Youth robotics growing by leaps and bounds in Peel

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MISSISSAUGA – Robotics is growing fast in Peel as schools and community organizations across the province and region continue to embrace and foster an ever-growing youth robotics competition circuit.


Over 400 middle-school students battled for a spot in the upcoming provincial finals over the weekend (Dec. 13) at Rick Hansen Secondary School in one of FIRST Lego League’s (FLL) annual regional qualifying events, with over 80 per cent of the participants from Peel Region school or community-based teams.


John Hobbins, director of FIRST Robotics Canada and founder of the robotics club at Rick Hansen said that registration in FIRST Robotics-affiliated programs in Ontario has nearly doubled this year, with a 47 per cent increase at the high school level and a 44 per cent increase among middle-schoolers.


“They are actually kind of blown away (in the United States) by the growth on this side of the border. They keep asking us what we’re doing differently over here to achieve those kinds of numbers,” said Hobbins.


FIRST Robotics, sponsored by NASA, is broken down into three age groups. The FLL is split into two junior Lego divisions for elementary and middle-school-aged kids, respectively; while the senior-level FIRST Robotics Competition (FRC) involves more complicated robots for high-schoolers, aged 14 to 18.


VEX Robotics Competition (VRC), a smaller international robotics league, which follows a similar format to FRC, is also active in the area with several regional schools and independent teams finding success on that circuit also.


Peel students aren’t just showing up in greater numbers – they are excelling – with schools in Mississauga and Brampton fielding world championship-winning teams in both leagues over the last two years.


Team 1241 from Rick Hansen, also known as ‘Theory6,’ beat out more than 4,000 other teams from across the globe to take home the 2013 FRC World Championship in St. Louis, Missouri last year; while the Chingbotics 3560z from Chinguacousy Secondary School in Brampton captured the VRC World Championship earlier this year in Anaheim, California.


“We’ve been very fortunate. Despite (Canada) only making up 6% of involvement (at competitions) compared to the U.S. and rest of the world, we’ve been very successful over the last five years winning multiple world championships,” said Hobbins.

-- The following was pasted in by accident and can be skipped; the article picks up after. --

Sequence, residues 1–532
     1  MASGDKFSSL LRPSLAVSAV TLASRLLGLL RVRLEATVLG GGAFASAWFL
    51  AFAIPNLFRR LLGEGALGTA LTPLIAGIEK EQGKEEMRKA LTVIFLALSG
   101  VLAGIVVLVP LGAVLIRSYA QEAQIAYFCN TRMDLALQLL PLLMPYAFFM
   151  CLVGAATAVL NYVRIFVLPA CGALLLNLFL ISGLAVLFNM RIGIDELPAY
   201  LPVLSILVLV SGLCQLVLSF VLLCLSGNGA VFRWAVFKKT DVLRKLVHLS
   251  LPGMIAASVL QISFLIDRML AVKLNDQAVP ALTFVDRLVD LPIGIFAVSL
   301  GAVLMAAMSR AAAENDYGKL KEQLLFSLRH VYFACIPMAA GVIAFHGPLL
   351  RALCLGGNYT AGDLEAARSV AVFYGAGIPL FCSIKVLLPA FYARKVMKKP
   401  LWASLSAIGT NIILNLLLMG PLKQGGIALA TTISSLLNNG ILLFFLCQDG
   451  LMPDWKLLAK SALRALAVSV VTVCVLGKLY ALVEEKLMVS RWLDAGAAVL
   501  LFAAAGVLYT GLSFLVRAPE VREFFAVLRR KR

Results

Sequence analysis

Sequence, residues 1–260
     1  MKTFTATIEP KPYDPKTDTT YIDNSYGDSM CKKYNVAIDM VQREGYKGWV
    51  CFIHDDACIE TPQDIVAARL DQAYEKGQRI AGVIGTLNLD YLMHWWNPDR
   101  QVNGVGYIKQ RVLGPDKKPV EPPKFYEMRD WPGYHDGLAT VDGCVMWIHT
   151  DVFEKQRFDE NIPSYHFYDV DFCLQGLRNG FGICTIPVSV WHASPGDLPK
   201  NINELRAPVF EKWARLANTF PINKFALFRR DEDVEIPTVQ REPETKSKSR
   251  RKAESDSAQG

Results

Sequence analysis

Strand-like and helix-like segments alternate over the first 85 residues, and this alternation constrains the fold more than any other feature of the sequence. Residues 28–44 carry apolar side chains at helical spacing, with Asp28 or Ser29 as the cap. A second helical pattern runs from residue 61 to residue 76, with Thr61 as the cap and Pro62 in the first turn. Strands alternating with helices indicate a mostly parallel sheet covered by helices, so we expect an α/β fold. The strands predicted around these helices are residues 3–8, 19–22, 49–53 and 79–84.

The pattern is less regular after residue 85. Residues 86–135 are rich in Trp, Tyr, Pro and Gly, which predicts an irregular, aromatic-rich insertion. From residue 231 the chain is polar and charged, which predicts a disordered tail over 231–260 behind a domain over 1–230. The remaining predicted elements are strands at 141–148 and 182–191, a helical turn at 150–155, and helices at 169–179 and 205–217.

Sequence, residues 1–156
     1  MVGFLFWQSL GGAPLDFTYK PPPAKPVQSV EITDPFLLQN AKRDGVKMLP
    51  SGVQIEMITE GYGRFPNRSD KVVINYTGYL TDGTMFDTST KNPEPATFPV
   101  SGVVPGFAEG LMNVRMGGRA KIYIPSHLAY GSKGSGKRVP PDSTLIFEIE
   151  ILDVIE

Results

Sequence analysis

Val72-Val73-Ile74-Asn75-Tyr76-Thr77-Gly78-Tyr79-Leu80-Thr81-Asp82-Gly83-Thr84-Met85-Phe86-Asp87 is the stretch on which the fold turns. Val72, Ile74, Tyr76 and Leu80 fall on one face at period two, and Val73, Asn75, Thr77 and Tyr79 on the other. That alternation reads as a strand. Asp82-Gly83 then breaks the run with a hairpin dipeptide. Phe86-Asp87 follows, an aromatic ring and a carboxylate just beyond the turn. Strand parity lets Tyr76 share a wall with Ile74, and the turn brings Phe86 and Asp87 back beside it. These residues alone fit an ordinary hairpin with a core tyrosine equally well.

Focusing on teamwork to achieve a common goal rather than trying to destroy your opponent’s robot, proponents of robotics say VEX and FIRST Robotics have a lot to offer young people.


“I think it’s an important part of learning and education. To me, this is so much like real life. It involves teamwork, critical thinking and problem solving… it brings together a lot of skills the students will use for the rest of their lives,” said Cathy Semler, principal at Castlebrooke Secondary School in Brampton.


“It’s not something that the students get out of the regular curriculum,” said Corey Lehman, robotics supervisor at Rick Hansen. “They get a chance to develop many skills ranging from time management, leadership, and social skills through presentations to sponsors and that kind of thing.”


School boards and community leaders seem to be getting the message, with more and more Peel Region schools adding robotics programs and electives to their curriculum, reflecting the growing trend.


“At the elementary level, Peel District School Board this year has allocated significant dollars to entry level robotics,” said Hobbins.


Even the Mississauga Library system has gotten in on the action, working with FIRST Robotics to offer programs in support of independent community-based teams.


Hobbins believes that the upward trend will only continue as many schools, including Rick Hansen, are struggling to meet demand and find themselves being forced to turn students away.


“Just to give you an idea, (at Rick Hansen) they get hundreds of kids trying to sign up, when it get up to 110-120 and they cut it off, kids are so upset they’re crying because they know the value of the experience of being on the team,” he said.

“When you talk about developing the whole child, there is nothing that’s better than this.”


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